Interview: Edgar Wright and Nick Frost from “Hot Fuzz”
Interview: Edgar Wright and Nick Frost from “Hot Fuzz”

Film Critic Joel Massie recently had a chance to sit down with writer/director Edgar Wright and star Nick Frost at the 2007 San Diego Comic-Con to discuss the home video release of “Hot Fuzz.”

 

Joel Massie : How much better does a pint look in HD quality?

Nick Frost: I’d say 30% better. (Laughter)

Edgar Wright: I haven’t actually got an HD player, but now that you say that I’m going to check it out. I wasn’t convinced with the whole HD thing, but now that I can see what a pint looks like I might have to see what it’s about. Good I expect. In fact I think you can do a good drinking game with both Shaun of the Dead and Hot Fuzz.

JM: Is there one yet?

EW: I don’t know actually. How would it work? Have a pint of beer every time they have a pint of beer. Maybe a shot every time they say the F-word?

NF: How about a pint of beer every time you see a policeman?

JM: What made you decide to have your finale in a supermarket?

EW: I used to work in a supermarket, in fact the very one that is in the film. I was a shelf stacker. It was a holiday job for five years. When they stormed the outside of the supermarket, it is where I used to work. When I was a teenager I guess I was just dreaming about fucking the place up. (Laughs)

JM: Are there a lot of extras on the Hot Fuzz DVD?

EW: Yeah there are loads. Even when we were filming we were trying to do DVD extras ourselves. Some of them are on the DVD, but the HD-DVD has everything. I think the Wal-Mart 2-disc addition has everything as well. So there are reams and reams of extras. We really enjoy doing the plot-holes, the animated segments that were in Shaun of the Dead. We tried to kind of do the things that fans liked from the last DVD. We even did another tv-safe version called Hot Funk. Let’s say that when Hot Fuzz appears on American Airlines I wanted it to be at least entertaining in the clean version. I always felt the TV versions of eighties action films like Die Hard, Lethal Weapon and Robocop were amazing in terms of some of the wonderful lines they gave us like “Melon Farmer”, “Muddy Funkster” and “Forget You”. We wanted to come up with some good ones like “Mother Hubbard”….

NF: “Beans and Rice.”

EW: Yeah “Beans and Rice” is a good one. We had a lot of fun doing the TV safe version.

JM: Nick I noticed you weren’t on the commentary for the single disc release…

NF: Yeah, well it will be on the HD-DVD release and the…..I can’t even say the company; the name hurts my mouth….

EW: Wal-Mart.

NF: Right, the Wal-Mart release, which is weird for us too. In fact during the whole film it just says Wal-Mart in the bottom corner. (Laughs)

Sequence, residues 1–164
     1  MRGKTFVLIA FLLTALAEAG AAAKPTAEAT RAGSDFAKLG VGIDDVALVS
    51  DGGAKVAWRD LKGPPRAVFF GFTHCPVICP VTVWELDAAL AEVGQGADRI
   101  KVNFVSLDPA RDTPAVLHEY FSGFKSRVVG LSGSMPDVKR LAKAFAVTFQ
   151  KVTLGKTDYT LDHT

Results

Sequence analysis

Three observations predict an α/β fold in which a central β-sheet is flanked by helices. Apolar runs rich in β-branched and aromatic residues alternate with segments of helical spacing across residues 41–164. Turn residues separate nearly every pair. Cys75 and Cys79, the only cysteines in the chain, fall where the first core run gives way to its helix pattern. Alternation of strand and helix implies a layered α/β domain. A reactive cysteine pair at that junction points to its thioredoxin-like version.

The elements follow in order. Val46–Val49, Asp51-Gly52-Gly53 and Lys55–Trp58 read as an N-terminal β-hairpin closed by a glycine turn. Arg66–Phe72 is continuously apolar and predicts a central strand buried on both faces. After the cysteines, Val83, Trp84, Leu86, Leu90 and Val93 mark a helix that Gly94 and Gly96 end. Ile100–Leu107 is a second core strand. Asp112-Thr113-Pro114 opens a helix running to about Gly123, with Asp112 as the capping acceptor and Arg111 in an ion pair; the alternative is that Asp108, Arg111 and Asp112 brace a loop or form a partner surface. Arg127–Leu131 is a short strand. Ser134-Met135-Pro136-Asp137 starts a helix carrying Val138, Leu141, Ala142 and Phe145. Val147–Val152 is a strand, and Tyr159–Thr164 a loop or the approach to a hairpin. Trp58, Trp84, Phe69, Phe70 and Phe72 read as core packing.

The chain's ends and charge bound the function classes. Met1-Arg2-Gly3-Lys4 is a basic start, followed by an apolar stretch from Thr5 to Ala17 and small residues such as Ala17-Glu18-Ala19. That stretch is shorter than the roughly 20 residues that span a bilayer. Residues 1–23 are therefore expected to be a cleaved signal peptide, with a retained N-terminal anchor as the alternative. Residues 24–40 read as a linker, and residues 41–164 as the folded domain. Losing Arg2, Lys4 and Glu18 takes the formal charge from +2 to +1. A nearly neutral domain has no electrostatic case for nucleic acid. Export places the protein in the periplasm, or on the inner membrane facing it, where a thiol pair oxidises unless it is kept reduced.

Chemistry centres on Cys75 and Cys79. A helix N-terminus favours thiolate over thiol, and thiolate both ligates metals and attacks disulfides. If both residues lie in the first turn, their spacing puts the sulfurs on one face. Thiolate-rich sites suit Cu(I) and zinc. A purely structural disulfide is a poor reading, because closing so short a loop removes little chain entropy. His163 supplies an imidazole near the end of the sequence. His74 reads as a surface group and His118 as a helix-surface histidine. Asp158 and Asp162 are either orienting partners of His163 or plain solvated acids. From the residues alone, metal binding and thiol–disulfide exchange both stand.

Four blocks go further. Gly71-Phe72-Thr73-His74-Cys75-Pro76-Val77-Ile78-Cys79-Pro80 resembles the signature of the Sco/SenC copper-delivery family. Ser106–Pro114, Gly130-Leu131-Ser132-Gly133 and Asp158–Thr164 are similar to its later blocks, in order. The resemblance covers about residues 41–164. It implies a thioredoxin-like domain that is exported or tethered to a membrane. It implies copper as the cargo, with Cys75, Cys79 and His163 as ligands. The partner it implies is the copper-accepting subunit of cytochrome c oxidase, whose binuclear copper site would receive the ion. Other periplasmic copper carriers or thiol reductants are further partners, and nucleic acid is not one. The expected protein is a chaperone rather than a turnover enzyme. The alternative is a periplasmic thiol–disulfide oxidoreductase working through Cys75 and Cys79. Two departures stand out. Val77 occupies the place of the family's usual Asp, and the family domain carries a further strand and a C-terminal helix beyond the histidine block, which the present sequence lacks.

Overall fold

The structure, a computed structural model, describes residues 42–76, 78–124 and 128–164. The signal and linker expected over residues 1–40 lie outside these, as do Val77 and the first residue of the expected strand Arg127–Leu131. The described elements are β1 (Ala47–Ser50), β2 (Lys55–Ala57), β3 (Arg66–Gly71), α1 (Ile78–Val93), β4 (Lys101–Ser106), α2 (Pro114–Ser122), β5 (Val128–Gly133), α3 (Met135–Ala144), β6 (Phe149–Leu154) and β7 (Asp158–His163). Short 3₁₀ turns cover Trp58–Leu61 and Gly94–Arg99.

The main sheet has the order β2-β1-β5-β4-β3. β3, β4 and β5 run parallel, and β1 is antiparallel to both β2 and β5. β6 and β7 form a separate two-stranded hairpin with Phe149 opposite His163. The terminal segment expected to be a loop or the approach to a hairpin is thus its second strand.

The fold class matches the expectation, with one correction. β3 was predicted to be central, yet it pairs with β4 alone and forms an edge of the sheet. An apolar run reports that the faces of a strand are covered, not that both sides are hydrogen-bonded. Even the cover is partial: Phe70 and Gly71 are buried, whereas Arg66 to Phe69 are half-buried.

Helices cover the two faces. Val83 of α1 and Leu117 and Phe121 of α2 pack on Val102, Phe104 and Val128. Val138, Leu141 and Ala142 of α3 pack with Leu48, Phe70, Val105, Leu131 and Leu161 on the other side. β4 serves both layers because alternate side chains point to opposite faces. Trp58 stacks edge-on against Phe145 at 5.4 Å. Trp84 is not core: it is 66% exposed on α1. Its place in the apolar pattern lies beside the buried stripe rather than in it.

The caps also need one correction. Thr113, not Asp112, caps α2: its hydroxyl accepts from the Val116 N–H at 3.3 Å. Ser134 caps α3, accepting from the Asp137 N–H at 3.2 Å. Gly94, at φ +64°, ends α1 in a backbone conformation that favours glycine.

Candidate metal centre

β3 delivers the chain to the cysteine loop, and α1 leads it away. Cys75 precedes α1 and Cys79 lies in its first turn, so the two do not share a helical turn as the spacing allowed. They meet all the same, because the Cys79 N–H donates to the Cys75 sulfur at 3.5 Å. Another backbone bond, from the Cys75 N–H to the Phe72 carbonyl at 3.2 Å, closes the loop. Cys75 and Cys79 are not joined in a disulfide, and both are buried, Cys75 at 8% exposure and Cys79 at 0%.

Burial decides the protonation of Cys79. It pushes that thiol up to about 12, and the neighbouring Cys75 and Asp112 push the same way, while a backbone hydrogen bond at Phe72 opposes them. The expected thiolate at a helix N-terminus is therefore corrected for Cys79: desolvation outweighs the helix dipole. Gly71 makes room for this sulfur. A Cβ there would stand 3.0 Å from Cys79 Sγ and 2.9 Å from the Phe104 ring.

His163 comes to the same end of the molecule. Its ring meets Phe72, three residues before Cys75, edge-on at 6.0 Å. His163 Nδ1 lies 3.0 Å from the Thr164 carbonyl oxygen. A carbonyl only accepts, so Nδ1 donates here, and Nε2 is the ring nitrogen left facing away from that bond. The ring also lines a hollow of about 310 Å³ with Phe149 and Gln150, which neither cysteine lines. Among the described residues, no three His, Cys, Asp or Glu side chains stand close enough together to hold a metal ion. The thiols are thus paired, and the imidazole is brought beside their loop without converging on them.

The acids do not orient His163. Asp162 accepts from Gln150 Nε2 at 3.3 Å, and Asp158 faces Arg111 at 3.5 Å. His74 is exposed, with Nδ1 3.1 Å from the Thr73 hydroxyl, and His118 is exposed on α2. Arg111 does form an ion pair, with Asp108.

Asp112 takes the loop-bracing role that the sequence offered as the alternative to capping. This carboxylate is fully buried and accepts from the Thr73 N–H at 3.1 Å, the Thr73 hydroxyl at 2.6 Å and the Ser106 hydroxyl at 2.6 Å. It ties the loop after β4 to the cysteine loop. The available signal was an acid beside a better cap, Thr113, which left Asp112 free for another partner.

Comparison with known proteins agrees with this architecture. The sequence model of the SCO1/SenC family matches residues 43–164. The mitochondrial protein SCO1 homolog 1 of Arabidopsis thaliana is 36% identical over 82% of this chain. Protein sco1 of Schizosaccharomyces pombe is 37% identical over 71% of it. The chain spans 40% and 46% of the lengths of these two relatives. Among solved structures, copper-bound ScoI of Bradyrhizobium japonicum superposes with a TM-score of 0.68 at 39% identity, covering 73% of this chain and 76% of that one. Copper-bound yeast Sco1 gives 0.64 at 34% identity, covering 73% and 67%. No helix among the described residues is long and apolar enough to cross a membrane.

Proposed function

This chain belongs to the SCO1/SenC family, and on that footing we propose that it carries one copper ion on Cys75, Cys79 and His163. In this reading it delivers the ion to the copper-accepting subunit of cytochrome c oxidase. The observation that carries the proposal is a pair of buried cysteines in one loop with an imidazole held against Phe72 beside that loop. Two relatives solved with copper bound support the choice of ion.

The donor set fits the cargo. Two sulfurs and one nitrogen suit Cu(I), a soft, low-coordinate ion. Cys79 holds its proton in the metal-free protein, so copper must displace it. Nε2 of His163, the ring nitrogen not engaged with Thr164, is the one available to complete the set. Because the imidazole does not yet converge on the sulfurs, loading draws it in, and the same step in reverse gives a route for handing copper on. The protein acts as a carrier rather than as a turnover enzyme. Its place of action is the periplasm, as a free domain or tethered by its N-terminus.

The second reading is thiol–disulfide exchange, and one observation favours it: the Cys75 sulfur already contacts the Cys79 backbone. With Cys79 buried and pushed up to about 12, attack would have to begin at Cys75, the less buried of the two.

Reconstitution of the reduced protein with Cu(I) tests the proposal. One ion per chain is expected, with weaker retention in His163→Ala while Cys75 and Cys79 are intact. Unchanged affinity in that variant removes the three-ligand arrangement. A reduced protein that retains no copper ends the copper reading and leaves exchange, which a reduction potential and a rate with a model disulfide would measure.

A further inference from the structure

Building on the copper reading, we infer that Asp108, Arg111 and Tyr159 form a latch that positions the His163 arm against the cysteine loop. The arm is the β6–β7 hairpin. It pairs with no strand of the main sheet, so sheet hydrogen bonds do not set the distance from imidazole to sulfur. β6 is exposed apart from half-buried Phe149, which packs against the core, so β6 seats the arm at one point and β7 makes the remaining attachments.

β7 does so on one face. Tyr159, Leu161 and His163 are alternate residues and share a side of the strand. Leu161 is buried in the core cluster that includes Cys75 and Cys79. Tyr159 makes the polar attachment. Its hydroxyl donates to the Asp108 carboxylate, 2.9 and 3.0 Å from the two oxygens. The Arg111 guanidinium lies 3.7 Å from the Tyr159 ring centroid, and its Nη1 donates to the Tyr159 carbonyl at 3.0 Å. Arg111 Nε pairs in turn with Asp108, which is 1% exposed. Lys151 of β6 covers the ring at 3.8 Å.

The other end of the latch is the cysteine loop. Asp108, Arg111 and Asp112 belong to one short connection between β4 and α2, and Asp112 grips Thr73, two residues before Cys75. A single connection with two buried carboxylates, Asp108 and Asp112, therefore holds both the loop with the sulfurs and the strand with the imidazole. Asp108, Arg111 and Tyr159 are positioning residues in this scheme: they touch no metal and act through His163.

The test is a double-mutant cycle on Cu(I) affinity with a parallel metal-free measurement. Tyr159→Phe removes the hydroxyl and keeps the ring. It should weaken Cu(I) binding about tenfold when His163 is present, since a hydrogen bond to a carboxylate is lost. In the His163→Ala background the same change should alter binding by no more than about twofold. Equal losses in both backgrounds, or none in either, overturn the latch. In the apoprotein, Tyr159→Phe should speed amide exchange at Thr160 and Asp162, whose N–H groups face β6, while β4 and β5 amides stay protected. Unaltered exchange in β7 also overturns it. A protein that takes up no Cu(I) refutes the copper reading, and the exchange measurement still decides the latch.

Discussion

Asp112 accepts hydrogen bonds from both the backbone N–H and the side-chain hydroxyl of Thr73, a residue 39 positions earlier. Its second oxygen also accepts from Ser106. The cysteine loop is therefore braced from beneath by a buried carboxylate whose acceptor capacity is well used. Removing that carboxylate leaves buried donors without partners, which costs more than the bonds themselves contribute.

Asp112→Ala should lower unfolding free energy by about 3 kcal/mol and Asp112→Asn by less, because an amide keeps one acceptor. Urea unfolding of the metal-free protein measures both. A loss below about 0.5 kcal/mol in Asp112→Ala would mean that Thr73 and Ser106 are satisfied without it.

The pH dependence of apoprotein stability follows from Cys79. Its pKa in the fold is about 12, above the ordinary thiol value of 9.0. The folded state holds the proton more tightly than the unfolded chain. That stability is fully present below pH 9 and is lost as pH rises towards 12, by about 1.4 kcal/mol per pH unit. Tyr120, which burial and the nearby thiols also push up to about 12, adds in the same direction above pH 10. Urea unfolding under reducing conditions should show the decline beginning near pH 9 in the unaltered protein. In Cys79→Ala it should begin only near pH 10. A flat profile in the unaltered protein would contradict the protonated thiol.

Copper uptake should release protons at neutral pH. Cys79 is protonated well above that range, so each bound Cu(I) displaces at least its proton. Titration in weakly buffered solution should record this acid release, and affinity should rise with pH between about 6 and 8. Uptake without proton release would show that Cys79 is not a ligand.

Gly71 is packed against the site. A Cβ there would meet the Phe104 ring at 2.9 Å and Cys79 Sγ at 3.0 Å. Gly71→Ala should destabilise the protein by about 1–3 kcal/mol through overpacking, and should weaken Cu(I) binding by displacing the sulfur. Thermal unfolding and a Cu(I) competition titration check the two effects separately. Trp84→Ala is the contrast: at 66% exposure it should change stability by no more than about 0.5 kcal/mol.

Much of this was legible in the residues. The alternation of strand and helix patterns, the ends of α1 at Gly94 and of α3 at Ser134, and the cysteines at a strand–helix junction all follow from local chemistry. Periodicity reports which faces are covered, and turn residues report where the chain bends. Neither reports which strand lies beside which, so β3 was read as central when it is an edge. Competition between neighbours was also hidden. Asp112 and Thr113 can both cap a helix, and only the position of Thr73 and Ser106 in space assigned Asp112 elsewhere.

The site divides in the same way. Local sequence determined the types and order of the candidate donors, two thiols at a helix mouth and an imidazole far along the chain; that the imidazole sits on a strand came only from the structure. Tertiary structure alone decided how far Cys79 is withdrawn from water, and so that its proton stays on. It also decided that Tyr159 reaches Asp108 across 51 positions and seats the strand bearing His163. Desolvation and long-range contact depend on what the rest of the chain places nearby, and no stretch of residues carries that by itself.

JM: So the movie is out on DVD in the UK, how have sales been?

EW: It sold a million copies in four weeks, which is good.

JM: It broke records in the UK in theaters too.

EW: That’s right.

JM: Did they do anything special for you guys? Buy you a nice car?

NF: They actually bought us a case of champagne, which doesn’t seem much. (Laughs)

JM: (Pointing to their Starbucks) Did they buy you that coffee?

EW: (Laughing) No, no we just bought it ourselves.

JM: Did you get mobbed by the crowds down there?

EW: We genuinely don’t get mobbed by the patrons in Starbucks. We will basically try to walk up and down the show floor until we get recognized. (Laughs)

JM: What are you guys working on write now?

EW: Well we are in a furious writing period right now. Simon (Pegg) is working on something with Nick, and Simon and I are going to work on something together later this year, which will hopefully be the third in this trilogy. We’re calling it the “Blood and Ice-cream” trilogy. I am also writing two adaptations. We only really finished doing the press tour last month, so we are just getting into writing now.

JM: Do you guys switch off? Is that why Simon isn’t here?

NF: Simon is actually shooting a film right now.

EW: Actually, Simon said “I hate all geeks. I am never going to the Comic-Con ever again” and you can put that on record. (Laughs)

NF: I think he fears what he loves most.

EW: He came here three years ago and saw a Batman made out of Legos and he has never recovered.

NF: He kind of thought it would never get better than that so he never came back.

JM: There’s always a genre you pay homage to in your films. Shaun of the Dead was horror, Hot Fuzz was action. What is the next genre you guys plan on tackling?